Sergeant Bales: America Revisits My Lai

Staff Sergeant Robert Bales Smiling

Staff Sergeant Robert Bales

Afghanistan was the good war.  The United States was clearly pursuing its national interest by deposing a Taliban-led government that gave Osama bin Laden and Al Qaeda the safe-haven from which they launched the 9/11 attacks.  Side-benefits included freeing the Afghan people from a regime that performed soccer stadium executions and imprisoned women for being the victims of rape.

The war in Iraq could be faulted as a “war of choice.”  President Bush, instead of continuing to pursue a policy of containment of Saddam Hussein, chose Iraq as the place to reshape the international battlefield with Al Qaeda.  If a democracy could be created in the heart of the Arab Middle East, among a well-educated population with rich oil reserves, then the lie of the West’s war against Islam could be exposed for all to see.  We would create allies by ridding the Iraqi people of a tyrant who was, in the NY Times’ Thomas Friedman’s opinion—and most of the world’s—a one-man weapon of mass destruction.

For the record I believe that that the Bush administration sincerely believed that Saddam Hussein possessed weapons of mass destruction, or that he was well on his way to doing so and would have no compunction about sharing the technology with Hamas, whose suicide bombers were being funded by Saddam.  I also believe, though, that President’s Bush’s chosen geo-political strategy provided a lens through which to see the intelligence about these weapons.

As someone who supported the war at the time, I remember seeing Colin Powell’s presentation before the U.N. and thinking, “They don’t have anything like those photographs of the missile installations that Kennedy had during the Cuban missile crisis, do they?”

A wise man once told me that just because a variety of factors go into making a decision, some in tension with one another, doesn’t mean that any of those considerations are necessarily unreal.  I don’t think Bush or his administration lied about their weapons of mass destruction convictions.  They also thought the war made sense for strategic reasons as well.  Both were probably true in their minds and colored the evaluation of each.

The Bush administration made a bet, though—which the Obama administration has continued playing—that democratic institutions could trump a theocratic faith, Islam, that is hostile to democracy.

The results in Iraq have been at best mixed and are likely to deteriorate.  For now, the Kurds, the Sunnis, and the Shiites have gamed each other’s tribalism through the ballot box.  The longer this has gone on the more the regnant Shiites have exerted strongman controls, while the Kurds have holed up, relishing their relative independence.  Crucial decisions about the flow of oil revenues still have not been made, however.  In Iraq, democracy is coming to mean little more than a tribal stalemate that’s unlikely to endure.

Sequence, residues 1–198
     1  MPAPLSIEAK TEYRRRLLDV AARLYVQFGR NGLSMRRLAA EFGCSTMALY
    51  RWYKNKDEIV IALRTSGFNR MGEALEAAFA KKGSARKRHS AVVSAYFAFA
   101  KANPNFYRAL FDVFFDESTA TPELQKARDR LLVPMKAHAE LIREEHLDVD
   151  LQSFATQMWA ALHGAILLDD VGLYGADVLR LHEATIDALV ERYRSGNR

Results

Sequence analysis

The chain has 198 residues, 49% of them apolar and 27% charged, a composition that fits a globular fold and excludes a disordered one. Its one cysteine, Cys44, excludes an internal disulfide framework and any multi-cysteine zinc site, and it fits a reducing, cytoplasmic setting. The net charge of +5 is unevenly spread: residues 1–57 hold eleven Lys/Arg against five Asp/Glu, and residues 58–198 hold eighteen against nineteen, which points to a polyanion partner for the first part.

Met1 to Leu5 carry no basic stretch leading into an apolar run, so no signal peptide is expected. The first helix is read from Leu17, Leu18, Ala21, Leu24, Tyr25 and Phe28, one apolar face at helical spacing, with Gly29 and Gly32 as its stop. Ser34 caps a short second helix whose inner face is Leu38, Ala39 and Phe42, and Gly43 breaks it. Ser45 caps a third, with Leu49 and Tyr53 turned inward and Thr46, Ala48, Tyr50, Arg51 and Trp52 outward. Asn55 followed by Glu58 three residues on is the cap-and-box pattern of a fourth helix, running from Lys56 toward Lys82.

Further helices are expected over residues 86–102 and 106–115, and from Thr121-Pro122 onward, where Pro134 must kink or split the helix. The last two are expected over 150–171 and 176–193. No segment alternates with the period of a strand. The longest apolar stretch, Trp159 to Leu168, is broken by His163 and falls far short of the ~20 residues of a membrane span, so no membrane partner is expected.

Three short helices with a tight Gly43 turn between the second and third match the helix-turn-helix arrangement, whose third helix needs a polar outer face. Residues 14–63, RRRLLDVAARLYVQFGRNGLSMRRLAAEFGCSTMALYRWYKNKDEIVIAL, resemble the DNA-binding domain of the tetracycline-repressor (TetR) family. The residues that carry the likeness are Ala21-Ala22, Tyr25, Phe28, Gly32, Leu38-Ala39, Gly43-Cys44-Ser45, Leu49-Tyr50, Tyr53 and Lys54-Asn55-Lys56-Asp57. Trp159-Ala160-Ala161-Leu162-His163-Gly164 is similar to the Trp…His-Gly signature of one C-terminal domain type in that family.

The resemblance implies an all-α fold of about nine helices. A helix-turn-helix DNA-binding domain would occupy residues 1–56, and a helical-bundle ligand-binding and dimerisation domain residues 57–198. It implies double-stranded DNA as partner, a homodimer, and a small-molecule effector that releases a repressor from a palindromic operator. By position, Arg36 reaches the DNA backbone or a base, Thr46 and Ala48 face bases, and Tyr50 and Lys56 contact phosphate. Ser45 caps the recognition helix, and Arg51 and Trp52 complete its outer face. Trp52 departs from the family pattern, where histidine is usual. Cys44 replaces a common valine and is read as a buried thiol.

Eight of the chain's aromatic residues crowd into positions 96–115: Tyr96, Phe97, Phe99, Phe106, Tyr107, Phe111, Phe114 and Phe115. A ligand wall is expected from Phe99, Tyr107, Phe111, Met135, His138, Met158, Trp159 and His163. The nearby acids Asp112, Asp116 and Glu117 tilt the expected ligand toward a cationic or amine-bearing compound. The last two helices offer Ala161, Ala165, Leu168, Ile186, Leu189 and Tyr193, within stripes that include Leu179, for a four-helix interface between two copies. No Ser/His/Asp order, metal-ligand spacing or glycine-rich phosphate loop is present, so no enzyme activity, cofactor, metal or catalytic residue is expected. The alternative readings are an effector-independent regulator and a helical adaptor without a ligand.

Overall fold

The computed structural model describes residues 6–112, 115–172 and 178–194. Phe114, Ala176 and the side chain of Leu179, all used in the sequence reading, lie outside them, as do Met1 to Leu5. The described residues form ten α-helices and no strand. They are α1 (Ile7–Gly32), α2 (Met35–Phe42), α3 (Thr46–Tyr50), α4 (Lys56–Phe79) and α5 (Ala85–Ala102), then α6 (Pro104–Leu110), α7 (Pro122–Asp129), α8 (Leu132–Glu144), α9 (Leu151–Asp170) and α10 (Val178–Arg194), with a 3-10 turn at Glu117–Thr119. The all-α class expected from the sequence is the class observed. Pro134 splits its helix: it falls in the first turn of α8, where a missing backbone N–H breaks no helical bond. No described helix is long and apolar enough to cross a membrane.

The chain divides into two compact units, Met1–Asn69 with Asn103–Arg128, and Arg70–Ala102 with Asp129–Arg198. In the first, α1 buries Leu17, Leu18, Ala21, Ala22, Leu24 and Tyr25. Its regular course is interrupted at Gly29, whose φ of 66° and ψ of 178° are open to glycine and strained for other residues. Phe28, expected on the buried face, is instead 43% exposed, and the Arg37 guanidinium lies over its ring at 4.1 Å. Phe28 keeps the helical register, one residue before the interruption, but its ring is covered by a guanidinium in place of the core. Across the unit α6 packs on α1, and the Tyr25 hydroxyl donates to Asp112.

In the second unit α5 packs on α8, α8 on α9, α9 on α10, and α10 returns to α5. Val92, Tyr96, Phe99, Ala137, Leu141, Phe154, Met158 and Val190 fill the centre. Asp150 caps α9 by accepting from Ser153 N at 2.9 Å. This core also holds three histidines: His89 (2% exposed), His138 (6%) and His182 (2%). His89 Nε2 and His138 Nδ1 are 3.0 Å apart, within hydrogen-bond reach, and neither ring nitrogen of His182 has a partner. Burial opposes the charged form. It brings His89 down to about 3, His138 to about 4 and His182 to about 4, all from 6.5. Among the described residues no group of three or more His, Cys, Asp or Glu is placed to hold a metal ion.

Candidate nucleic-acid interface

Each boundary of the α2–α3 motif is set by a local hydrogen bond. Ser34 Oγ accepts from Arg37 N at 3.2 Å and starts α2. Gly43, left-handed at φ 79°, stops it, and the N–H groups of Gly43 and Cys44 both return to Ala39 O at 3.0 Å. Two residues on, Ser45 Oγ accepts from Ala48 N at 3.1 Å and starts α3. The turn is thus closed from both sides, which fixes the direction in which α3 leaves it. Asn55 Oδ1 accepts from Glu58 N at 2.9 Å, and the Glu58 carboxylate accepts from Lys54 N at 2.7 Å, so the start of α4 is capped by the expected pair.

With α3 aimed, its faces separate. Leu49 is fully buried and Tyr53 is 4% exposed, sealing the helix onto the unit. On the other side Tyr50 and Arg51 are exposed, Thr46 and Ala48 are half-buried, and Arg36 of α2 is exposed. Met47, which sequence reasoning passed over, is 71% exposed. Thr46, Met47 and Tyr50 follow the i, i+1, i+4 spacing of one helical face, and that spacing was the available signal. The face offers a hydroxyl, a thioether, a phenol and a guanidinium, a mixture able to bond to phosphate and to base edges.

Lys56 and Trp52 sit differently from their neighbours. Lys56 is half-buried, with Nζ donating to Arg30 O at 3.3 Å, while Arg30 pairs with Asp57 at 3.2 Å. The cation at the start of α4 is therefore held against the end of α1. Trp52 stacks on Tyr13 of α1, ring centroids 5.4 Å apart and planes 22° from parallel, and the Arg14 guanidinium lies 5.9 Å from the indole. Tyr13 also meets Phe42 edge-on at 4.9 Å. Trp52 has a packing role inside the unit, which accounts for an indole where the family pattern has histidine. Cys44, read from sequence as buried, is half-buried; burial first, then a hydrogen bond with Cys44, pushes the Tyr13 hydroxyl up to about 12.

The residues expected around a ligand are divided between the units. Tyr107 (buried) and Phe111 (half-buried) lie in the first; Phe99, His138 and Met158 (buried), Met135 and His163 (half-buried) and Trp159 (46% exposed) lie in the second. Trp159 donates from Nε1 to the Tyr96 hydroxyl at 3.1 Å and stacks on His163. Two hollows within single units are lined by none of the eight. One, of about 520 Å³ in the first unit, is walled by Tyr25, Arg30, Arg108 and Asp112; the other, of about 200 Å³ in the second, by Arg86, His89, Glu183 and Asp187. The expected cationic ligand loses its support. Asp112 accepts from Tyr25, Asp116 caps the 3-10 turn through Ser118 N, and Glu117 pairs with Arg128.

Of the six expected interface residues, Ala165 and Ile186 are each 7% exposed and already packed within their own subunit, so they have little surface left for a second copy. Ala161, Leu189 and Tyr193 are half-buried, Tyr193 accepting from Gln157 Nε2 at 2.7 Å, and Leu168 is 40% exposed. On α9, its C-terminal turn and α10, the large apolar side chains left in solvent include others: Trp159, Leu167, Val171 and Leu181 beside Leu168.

In Afghanistan the democratic institution versus Islamic culture gamble has proven even less successful.  Now that we have announced our withdrawal as of 2014, the exodus of American troops has become the predicate for the maneuvers of the Taliban, the Karzai government, and the mischief-making Pakistanis.

With Pakistan, a nuclear-state, to the south and east, and Iran to the west, stability in Afghanistan, even under a corrupt Karzai government, has value, especially when the clear is the Taliban.

It’s time to admit, though, that the democratic institution versus Islamic culture bet is a loser.  The fundamental roots of every culture go back to its cult—its religion—and Islam, in its purest form, is profoundly hostile to democracy.  The motivating idea of Islam is that there should not be a division between church and state—at all. We can talk about “moderate Islam”and Turkey emerging as a modern state, etc., and wish for those forces to emerge as the true representatives of Islam, but theologically that’s like wishing for Unitarians to emerge as the true representatives of Christianity.  Conservative strains in Islam have much the better of the theological argument.  Read their texts.  You can only be a moderate Muslim by ignoring central elements of the faith.

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  • Deacon Don Bourgeois